Staplercide!: The lives and deaths of academic library staplers

Jason Vance


We have experienced 15 deaths in my library this semester. Three victims were decapitated. The bodies of two other victims were never found. Others were abused and left for dead. My library is facing a crisis. Staplercide—the murder of library staplers—is at an all-time high.

The average life span for a stapler at my library’s reference desk this past semester was 15.3 days. The most common cause of stapler death was exhaustion. An exhausted stapler would staple once, and then jam, entering a state of nonresponsive “stapler shock.” After a librarian valiantly unjammed it, the stapler would muster one more staple before collapsing again. Often we were not able to intervene before a frustrated student began assaulting the jammed stapler. One should not beat a dead stapler.1


Stapler 9 is dead at the age of 36 days.

Like many seasoned reference librarians, experience at the reference desk has turned me into a self-taught stapler triage nurse. Armed with the tools of our trade—screwdrivers, tweezers, and pliers—reference librarians around the world tend to injured and abused staplers and bring them back from near-death experiences. This semester, however, as the carnage raged at my library, I felt more like a coroner than a nurse.

In January 2013, curiosity and concern drove me to begin documenting the rampant destruction of staplers at my library’s reference desk.

With help from my colleagues, I discreetly numbered each stapler and noted the date as we put it out for public use. I photographed each stapler and documented it on a Tumblr page I created for this project.2 When each stapler died, I recorded the date and calculated its age in a spreadsheet. Later I added the results of my stapler autopsy and indicated the cause of death.

Some staplers lasted no more than one day. The longest living stapler succumbed at the age of 45 days. May they all rest in peace.

We have tried buying different staplers. The staplers we now purchase are Swingline’s Commercial Desk Staplers (Model No. S7044401). The list cost is $25.77. These are nice, high-quality staplers. We buy this model because they last longer than the others we have tried in the past. Plus, Swingline offers a “limited lifetime warranty” on its products. If a customer returns a dead stapler that died with no signs of foul play (my words, not theirs) accompanied by a receipt or proof of purchase, Swingline will send the customer a replacement stapler. To save on shipping costs, I began collecting dead staplers on my desk. My office quickly became a cemetery.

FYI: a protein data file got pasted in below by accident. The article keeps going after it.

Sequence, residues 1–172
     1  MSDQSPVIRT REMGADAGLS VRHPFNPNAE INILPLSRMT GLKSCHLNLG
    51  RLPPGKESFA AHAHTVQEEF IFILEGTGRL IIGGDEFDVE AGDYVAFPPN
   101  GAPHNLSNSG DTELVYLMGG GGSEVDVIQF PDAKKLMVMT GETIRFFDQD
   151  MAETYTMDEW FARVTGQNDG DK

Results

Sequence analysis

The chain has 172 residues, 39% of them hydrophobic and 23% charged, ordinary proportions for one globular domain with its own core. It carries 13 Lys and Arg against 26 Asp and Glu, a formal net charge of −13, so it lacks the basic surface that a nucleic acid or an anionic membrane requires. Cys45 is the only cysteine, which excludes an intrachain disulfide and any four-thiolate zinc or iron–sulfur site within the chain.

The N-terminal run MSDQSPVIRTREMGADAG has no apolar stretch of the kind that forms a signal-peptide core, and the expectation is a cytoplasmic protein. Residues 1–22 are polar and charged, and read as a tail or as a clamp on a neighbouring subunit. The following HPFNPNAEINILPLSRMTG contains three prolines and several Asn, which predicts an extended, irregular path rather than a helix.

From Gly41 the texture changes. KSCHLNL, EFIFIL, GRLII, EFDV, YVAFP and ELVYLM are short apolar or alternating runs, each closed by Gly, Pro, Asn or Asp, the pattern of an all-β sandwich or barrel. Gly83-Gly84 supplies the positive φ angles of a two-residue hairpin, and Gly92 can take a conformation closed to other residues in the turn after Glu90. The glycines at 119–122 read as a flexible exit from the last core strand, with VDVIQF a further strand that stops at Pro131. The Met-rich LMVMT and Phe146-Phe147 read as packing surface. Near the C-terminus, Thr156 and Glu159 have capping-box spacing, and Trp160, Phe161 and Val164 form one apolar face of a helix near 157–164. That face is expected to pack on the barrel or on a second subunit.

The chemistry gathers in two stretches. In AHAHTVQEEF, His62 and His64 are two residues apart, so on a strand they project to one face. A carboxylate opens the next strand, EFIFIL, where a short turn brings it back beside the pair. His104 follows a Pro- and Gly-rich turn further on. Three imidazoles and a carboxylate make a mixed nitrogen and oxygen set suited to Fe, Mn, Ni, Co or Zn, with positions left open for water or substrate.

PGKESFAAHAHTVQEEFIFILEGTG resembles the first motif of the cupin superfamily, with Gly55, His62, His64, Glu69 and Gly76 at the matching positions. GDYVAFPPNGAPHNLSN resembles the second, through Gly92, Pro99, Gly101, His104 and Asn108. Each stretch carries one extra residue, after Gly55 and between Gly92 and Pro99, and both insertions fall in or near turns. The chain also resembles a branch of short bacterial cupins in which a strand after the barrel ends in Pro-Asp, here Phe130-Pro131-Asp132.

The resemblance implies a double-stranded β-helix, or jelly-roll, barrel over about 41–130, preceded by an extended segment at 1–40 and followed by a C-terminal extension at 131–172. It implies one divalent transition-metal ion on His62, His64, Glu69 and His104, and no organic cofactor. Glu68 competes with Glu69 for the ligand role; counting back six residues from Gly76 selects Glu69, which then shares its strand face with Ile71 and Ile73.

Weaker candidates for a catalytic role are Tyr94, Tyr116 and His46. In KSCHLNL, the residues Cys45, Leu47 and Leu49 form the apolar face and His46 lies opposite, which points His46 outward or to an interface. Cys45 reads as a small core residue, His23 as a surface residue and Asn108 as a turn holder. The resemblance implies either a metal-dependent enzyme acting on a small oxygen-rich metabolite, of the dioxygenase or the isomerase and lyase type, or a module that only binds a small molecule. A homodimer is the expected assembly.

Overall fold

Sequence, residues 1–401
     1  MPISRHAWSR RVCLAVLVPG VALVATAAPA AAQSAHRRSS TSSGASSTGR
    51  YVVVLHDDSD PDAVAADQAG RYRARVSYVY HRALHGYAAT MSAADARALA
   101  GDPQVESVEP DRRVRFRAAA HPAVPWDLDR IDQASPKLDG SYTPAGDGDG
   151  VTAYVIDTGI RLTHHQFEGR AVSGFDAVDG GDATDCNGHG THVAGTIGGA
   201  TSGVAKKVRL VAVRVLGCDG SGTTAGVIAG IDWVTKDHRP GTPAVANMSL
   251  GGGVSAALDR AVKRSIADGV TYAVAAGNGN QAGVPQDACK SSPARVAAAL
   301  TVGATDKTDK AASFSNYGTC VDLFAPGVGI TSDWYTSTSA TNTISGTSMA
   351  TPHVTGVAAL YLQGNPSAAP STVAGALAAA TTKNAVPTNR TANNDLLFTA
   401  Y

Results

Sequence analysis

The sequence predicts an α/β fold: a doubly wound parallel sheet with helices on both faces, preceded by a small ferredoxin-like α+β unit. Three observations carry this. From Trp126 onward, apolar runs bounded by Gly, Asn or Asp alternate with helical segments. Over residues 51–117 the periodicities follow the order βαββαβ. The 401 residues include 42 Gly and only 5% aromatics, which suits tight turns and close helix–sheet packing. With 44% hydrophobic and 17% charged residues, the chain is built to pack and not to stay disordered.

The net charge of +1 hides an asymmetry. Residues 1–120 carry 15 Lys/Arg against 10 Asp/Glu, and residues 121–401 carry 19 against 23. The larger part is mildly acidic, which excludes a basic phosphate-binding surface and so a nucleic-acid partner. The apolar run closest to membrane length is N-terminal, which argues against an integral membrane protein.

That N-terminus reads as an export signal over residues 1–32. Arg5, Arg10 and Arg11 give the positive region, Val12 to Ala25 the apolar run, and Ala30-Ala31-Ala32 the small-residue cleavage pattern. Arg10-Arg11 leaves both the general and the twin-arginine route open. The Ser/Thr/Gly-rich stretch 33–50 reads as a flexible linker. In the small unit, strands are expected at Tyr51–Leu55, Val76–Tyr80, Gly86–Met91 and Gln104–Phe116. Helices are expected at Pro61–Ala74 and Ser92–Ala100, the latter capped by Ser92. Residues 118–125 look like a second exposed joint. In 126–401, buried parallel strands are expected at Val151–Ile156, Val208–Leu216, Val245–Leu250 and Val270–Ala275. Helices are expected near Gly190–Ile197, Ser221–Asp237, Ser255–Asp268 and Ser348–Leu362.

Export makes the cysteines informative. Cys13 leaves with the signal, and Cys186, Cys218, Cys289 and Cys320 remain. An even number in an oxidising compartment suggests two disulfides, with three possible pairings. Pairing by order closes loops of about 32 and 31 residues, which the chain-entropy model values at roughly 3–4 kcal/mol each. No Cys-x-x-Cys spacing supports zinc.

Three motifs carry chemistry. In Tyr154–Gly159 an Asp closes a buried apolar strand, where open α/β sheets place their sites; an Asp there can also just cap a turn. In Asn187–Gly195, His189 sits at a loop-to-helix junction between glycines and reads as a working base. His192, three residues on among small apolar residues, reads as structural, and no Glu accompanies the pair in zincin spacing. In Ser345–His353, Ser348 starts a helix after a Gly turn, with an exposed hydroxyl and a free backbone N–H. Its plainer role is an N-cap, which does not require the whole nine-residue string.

A dead stapler funeral pyre.

We also tried offering our students an electric stapler. Shortly after it was put out for public use, one of our librarians found it with its electrical cord severed. She described a grisly scene. The stapler lay lifeless on the counter, while its ripped power cord was still plugged into the wall. Its naked wires were left exposed as it lay abandoned by the perpetrator. No one knows what happened. Perhaps it was an errant swipe of the neighboring paper cutter blade? Or maybe some anti-technology campus radicals were using violence to make a political statement? Either way, it was an expensive piece of machinery and was not replaced. The suspected foul play voided the terms of the manufacturer’s warranty.

At this point, you must think our students are savages. Perhaps they are. But evidence suggests that we are not alone. As word of my morbid investigations began to spread via social media, letters of support and sympathy poured in from other libraries.

Further evidence of this pandemic can be found in the October 2000 issue of Indiana University’s law library newsletter, “Res Ipsa Loquitur.” The library’s associate director described scenes where law students were observed placing staplers on the floor and “using their feet to push the levers.” She added, “We cannot continue to use Library resources to purchase staplers that are going to be abused. The solution is in your hands—take care of the staplers, use them properly, and we will continue to provide them.”3 Res ipsa loquitur, indeed.